Even though this sitcom's Grounded, Judge George Hatch got a charge as the jokes flew lightning fast.
"I'm not a duh dad. I'm like a Whoo-hoo! dad!"—Sean Finnerty
After watching the first three episodes of Grounded for Life when it originally aired in 2001, I started taping the show, even taking the time to use my pause button to edit out commercials. I thought it was that good—and hilariously off the wall! The writing was sharp, funny, and occasionally raunchy for a prime-time family show. The premise of younger-than-TV-average parents still learning to raise a family was clever and spirited. What hooked me were the flashbacks within flashbacks, the dizzyingly surreal dream sequences, and the frenzied, near-psychedelic editing that that sent events pinballing through time and space for a knockout punchline.
Grounded for Life drew a loyal and enthusiastic following, but not enough to please the Fox network which cancelled the show after three seasons. There was such an outpouring of protest that the WB immediately picked it up for another two years. Now the show airs on the ABC Family network, but it's been edited for more commercial time, some questionable words are muffled on the soundtrack, and each episode's comic coda is eclipsed by promotional ads with voiceovers for other shows.
Anchor Bay has resolved this situation by releasing Grounded for Life: Season One in an unedited format that restores the show's integrity and all of the audacious elements intact together with a wealth of extras that includes full commentaries for 10 of the 20 episodes.
What's so unique and exceptional about Grounded for Life, you ask? Here's the scoop.
Facts of the Case
After a high-school fling with enough money for beer but not for condoms, Sean and Claudia Finnerty (Donal Logue, The Tao of Steve, and Megyn Price, LateLine) found themselves pregnant and married at 18. In other words, they'd been "grounded for life." Now in their early 30s and living on Staten Island, Sean works for the New York City subway system "10 hours a day in a stinking, rat-infested tunnel" while Claudia earns extra money as a hostess in a Chinese restaurant. They're trying to teach their kids adult responsibilities, but their efforts are tinged with regret. Claudia still sees a lot of herself in their rebellious 15-year-old daughter, Lily (Lynsey Bartilson, Party of Five) and vicariously relives the teen's tenth-grade shenanigans and randy romantic roistering. Sean is still a kid at heart and plays with his two sons more like another boy than a father, right down to a vigorous chase through the house with pneumatic water guns.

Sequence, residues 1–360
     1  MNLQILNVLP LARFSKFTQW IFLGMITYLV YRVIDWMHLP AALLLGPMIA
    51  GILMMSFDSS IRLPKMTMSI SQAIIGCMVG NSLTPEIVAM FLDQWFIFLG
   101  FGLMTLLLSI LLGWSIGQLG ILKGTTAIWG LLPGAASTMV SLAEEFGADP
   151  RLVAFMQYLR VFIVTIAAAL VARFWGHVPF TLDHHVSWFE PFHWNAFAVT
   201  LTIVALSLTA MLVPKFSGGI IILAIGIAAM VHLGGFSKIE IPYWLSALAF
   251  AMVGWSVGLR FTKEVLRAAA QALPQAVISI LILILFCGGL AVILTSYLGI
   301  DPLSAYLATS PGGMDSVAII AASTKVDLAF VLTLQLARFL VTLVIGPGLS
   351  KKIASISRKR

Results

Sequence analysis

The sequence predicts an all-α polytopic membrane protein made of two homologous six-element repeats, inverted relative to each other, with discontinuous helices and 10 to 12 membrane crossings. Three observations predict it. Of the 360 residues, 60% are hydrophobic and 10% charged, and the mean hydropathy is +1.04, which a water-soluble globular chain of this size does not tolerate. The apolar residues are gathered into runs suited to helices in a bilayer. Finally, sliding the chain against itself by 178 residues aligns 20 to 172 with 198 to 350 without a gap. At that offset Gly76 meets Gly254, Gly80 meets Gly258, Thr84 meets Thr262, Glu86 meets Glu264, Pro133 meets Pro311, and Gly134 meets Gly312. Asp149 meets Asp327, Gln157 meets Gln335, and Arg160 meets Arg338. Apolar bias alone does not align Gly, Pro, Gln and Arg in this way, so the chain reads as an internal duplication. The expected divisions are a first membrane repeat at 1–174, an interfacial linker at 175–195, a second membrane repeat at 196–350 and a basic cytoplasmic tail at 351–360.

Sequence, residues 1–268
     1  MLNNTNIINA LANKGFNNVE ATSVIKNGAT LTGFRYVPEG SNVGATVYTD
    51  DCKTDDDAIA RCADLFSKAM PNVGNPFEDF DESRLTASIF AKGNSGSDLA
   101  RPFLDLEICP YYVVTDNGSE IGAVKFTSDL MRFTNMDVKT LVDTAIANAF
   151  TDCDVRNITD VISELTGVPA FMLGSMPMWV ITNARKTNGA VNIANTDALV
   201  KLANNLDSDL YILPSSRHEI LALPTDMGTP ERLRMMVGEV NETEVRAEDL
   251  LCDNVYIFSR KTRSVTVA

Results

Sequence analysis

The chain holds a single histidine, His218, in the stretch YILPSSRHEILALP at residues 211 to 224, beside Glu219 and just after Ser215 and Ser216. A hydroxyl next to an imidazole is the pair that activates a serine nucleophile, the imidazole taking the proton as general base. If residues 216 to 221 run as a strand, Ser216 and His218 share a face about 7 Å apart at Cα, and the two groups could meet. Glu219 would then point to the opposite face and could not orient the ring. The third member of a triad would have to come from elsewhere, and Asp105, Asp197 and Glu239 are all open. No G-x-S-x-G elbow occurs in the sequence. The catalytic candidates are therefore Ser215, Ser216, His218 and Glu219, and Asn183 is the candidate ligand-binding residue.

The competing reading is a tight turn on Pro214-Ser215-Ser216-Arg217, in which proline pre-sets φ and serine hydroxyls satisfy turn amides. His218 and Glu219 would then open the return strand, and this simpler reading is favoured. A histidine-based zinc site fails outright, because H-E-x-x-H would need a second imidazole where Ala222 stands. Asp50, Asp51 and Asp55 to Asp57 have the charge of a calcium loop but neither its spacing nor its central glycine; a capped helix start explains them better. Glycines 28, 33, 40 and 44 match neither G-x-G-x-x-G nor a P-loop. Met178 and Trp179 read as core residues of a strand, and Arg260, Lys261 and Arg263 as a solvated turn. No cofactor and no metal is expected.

Jimmy (Griffin Frazen, Landers), their oldest son, is on the verge of puberty and experiencing "weird feelings about girls." His younger brother Henry (Jake Burbage Dora the Explorer) is a puckish youngster with an alarming predilection for madcap mischief. "Can I pray for the power to blow things up with my mind?" Sean wants to be a good father and cool Dad at the same time, so his decisions in rearing the boys are often misguided and biased by his "inner kid."
Sean's kind of nurturing is a constant embarrassment to his own widowed father, Walt (Richard Riehle, Mysterious Skin), who tried to raise his sons with an old-school iron hand. "There will be spankings!" This creates a unique dynamic between these two characters, but any clout Walt tries to exercise in the Finnerty household is virtually ignored, much to his exasperation. Then there's Eddie (Kevin Corrigan, The Honeymooners), Sean's malingering brother, a slacker who "just isn't made to work in the nine-to-five world." Eddie boasts of criminal connections and always knows "somebody who can get you what you want." While half of Staten Island is usually tracking him down and beating him up for some scam, the other half, "the ladies," love him—at least long enough for a one-night stand.
Two other characters figure prominently in the Finnerty's lives. Brad O'Keefe (Bret Harrison, Orange County) is the nerdy, moony-eyed boy next door who has a crush on Lily. She insists the feelings aren't mutual, claiming that she's too sophisticated to be involved with such a dweeb. "Brad wears a fanny pack, carries too many keys and pronounces the 't' in 'often.'" But when she suspects Brad may be seeing another girl, her "settings go from rage to screaming rage," and Lily is one hell of a screamer. Sister Helen (Miriam Flynn, Waiting for Guffman) is the principal of the school Sean and Claudia refer to as "Our Lady of the Perpetual Shakedown." Like Walt, she's a traditionalist when it comes to education, but her rule and ruler reign supreme in her territory. Sister Helen can be something of a shyster when it comes to raising funds for the school and she's wicked with quips and personalized attacks. "Sorry, Mr. Finnerty, but I don't have the time to discuss the aesthetic limitations of The Ramones" (Sean and Claudia's favorite group), she says.